The following Restructuring & Insolvency practice note produced in partnership with Allan Kelly of RSM provides comprehensive and up to date legal information covering:
This Practice Note looks at independent business reviews (IBRs) and aims to:
provide high level guidance around an IBR
identify when an IBR may be requested
identify potential areas of conflict
highlight common scope and report contents
highlight common outcomes of an IBR, and
highlight some key issues when being engaged
The purpose of an IBR is often misunderstood and may be viewed as a precursor to an insolvency or withdrawal of support by a lender.
Whilst either of these may be an outcome, an IBR is a valuable tool to provide an external view to a stakeholder as part of their decision making process.
An IBR is an independent, objective, unbiased assessment, often covering the current and future trading status of a company. They are used by stakeholders, mainly lenders, to assist them in assessing their options.
Whilst typically most IBR’s are focussed on the historic and future financial performance of a company, in their widest sense, an IBR can also encompass an assessment of it’s operational, commercial and governance performance.
The nature of a stakeholders needs have changed over the last 20 years. Component parts of an IBR are now often commissioned independently without a full scope being necessary to meet the stakeholders’ requirements, mainly around future viability, cash and options. Such limited reviews include:
Free trials are only available to individuals based in the UK
Complete all the fields above to proceed to the next step.
**Trials are provided to all LexisPSL and LexisLibrary content, excluding Practice Compliance, Practice Management and Risk and Compliance, subscription packages are tailored to your specific needs. To discuss trialling these LexisPSL services please email customer service via our online form. Free trials are only available to individuals based in the UK. We may terminate this trial at any time or decide not to give a trial, for any reason. Trial includes one question to LexisAsk during the length of the trial.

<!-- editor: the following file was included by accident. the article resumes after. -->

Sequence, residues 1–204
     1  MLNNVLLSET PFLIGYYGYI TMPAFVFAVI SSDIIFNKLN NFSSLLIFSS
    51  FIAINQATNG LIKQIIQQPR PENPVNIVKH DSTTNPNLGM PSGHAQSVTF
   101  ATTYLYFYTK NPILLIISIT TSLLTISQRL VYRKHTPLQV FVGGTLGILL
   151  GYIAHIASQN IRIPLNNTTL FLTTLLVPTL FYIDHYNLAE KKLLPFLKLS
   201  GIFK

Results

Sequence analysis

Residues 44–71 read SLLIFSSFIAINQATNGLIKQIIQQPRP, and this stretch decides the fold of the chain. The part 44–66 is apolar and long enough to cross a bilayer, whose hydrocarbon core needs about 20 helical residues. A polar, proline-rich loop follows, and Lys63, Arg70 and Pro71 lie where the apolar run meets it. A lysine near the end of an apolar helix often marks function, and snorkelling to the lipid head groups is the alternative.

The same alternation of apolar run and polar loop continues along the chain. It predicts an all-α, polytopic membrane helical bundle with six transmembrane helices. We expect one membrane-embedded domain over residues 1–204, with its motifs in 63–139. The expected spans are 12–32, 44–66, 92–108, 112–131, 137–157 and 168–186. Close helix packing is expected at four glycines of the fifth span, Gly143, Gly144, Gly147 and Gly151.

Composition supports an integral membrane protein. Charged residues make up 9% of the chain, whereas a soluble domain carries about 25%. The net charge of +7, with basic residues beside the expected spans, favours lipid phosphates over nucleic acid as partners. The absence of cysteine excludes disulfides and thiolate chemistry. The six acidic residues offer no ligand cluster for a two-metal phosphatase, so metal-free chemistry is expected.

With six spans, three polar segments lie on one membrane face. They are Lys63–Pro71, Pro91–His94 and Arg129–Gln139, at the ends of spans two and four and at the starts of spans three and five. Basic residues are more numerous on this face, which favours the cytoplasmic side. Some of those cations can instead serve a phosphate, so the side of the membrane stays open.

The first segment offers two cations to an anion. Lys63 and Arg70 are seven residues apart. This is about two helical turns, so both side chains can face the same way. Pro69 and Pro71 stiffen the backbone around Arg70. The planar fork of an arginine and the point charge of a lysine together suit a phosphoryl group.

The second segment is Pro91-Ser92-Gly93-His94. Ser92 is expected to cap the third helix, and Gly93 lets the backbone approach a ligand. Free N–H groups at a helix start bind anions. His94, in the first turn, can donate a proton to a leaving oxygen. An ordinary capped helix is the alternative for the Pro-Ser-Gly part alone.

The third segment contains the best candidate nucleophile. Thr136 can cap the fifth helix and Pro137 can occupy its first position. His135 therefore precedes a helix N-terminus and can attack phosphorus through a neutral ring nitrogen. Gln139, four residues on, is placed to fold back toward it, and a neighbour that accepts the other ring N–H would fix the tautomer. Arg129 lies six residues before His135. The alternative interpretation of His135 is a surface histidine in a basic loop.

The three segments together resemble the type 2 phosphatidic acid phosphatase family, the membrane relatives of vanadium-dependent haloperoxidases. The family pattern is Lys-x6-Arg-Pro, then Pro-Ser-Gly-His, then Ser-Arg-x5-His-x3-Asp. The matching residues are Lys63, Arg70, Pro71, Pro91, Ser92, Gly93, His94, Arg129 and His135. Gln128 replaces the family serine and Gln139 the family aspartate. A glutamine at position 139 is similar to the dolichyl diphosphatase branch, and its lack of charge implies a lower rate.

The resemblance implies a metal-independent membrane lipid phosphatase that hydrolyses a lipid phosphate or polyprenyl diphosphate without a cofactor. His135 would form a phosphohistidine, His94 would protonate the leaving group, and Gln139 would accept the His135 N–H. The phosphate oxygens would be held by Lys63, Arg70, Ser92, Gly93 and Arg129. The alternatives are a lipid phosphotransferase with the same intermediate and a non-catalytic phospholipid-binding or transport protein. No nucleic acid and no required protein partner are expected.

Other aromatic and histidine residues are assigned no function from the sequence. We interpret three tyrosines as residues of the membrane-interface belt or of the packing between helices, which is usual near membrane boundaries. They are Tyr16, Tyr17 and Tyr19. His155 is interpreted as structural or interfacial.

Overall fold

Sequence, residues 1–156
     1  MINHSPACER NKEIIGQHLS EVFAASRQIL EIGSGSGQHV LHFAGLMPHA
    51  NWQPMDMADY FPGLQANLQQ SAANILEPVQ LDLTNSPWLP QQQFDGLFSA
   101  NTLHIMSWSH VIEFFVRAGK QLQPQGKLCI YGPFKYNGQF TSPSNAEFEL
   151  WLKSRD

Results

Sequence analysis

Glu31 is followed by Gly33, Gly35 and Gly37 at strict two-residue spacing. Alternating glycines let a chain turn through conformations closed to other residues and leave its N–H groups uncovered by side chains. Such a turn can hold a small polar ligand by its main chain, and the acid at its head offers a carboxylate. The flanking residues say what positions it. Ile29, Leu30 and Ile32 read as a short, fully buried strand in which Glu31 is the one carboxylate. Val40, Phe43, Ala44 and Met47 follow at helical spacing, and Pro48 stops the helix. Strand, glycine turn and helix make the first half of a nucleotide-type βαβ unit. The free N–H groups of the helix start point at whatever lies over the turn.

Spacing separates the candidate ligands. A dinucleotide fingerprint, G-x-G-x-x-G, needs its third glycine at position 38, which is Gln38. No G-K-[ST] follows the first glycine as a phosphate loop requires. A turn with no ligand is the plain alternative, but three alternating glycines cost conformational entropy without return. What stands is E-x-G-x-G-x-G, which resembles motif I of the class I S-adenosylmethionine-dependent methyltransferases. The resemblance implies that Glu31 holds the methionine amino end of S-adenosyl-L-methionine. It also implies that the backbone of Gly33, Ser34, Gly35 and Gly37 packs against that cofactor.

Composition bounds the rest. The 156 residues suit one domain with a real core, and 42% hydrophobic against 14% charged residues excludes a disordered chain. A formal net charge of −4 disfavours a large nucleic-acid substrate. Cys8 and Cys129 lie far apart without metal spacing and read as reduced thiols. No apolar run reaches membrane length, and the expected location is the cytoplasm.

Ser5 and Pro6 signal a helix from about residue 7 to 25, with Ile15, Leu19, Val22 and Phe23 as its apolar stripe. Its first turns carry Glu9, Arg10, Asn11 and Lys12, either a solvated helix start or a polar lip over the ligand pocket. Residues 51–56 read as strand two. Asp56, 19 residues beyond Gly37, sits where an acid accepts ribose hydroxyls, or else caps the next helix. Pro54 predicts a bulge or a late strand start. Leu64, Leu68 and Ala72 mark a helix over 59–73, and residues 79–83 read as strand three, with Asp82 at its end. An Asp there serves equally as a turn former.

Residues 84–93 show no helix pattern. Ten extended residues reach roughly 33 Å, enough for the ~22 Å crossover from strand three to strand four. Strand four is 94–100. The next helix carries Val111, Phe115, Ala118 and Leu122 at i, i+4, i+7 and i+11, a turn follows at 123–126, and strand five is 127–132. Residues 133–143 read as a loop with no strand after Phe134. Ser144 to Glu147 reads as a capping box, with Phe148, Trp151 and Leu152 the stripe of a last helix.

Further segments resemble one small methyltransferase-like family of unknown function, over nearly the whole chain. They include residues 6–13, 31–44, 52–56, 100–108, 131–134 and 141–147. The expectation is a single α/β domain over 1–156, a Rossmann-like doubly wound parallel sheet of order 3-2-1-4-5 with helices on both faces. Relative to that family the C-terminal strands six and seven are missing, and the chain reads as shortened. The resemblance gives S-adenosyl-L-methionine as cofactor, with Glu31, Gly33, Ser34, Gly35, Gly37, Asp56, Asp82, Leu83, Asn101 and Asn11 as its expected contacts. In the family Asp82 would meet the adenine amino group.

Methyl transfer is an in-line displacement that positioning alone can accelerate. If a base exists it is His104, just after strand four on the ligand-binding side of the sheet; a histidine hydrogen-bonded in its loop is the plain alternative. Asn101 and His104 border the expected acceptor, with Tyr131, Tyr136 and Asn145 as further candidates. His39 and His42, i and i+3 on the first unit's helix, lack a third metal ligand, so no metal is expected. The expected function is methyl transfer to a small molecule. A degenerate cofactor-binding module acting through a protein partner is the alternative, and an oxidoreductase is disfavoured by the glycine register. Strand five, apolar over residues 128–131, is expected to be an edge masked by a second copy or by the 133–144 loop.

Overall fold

To view the latest version of this document and thousands of others like it, sign-in to LexisPSL or register for a free trial.
Existing user? Sign-in
Take a free trial
Take a free trial
Arbitration agreements—definition, purpose and interpretationThis Practice Note considers the nature and scope of arbitration agreements with a particular focus on arbitration agreements pursuant to the law of England and Wales, although it also discusses the concept from an international
Working with counselInstructing counsel to advocate on a client’s behalf should be a matter of careful thought and preparation. The role of counsel is to provide independent objective advice and to deploy the skill of advocacy on behalf of the client. Although they are part of a team, they also
Lexcel—assessmentLexcel is the Law Society's practice management standard. It is not compulsory although Lexcel accreditation can be helpful for firms wishing to be accredited under the Conveyancing Quality Scheme or the Legal Service Board's Specialist Quality Mark. This Practice Note tells you
Common law offence of false imprisonmentThe offence of false imprisonmentFalse imprisonment is a common law offence but it is more common as a civil action in tort (see Practice Note: False imprisonment).It is triable only on indictment. It may be classified in class 2A, 2B or 3 in accordance with
0330 161 1234